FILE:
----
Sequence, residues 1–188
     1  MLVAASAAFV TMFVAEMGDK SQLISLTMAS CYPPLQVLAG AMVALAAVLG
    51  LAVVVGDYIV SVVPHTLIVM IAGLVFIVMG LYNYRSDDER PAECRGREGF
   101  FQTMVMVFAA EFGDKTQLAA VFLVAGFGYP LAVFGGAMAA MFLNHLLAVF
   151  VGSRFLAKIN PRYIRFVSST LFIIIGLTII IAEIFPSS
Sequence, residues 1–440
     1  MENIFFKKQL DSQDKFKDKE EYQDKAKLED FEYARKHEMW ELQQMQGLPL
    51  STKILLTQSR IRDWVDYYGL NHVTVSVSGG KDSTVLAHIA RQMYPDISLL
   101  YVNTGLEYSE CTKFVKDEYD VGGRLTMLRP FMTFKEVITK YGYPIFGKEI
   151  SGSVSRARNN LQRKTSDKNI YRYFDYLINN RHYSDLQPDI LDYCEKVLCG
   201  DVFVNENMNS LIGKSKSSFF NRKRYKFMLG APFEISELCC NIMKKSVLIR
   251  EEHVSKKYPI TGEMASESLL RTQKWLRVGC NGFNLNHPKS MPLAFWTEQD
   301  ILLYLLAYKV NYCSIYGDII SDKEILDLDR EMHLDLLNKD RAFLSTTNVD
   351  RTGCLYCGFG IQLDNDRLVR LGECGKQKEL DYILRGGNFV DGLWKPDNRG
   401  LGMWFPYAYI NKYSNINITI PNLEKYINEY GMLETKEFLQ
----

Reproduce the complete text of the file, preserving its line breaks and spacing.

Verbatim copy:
Sequence, residues 1–188
     1  MLVAASAAFV TMFVAEMGDK SQLISLTMAS CYPPLQVLAG AMVALAAVLG
    51  LAVVVGDYIV SVVPHTLIVM IAGLVFIVMG LYNYRSDDER PAECRGREGF
   101  FQTMVMVFAA EFGDKTQLAA VFLVAGFGYP LAVFGGAMAA MFLNHLLAVF
   151  VGSRFLAKIN PRYIRFVSST LFIIIGLTII IAEIFPSS
Sequence, residues 1–440
     1  MENIFFKKQL DSQDKFKDKE EYQDKAKLED FEYARKHEMW ELQQMQGLPL
    51  STKILLTQSR IRDWVDYYGL NHVTVSVSGG KDSTVLAHIA RQMYPDISLL
   101  YVNTGLEYSE CTKFVKDEYD VGGRLTMLRP FMTFKEVITK YGYPIFGKEI
   151  SGSVSRARNN LQRKTSDKNI YRYFDYLINN RHYSDLQPDI LDYCEKVLCG
   201  DVFVNENMNS LIGKSKSSFF NRKRYKFMLG APFEISELCC NIMKKSVLIR
   251  EEHVSKKYPI TGEMASESLL RTQKWLRVGC NGFNLNHPKS MPLAFWTEQD
   301  ILLYLLAYKV NYCSIYGDII SDKEILDLDR EMHLDLLNKD RAFLSTTNVD
   351  RTGCLYCGFG IQLDNDRLVR LGECGKQKEL DYILRGGNFV DGLWKPDNRG
   401  LGMWFPYAYI NKYSNINITI PNLEKYINEY GMLETKEFLQ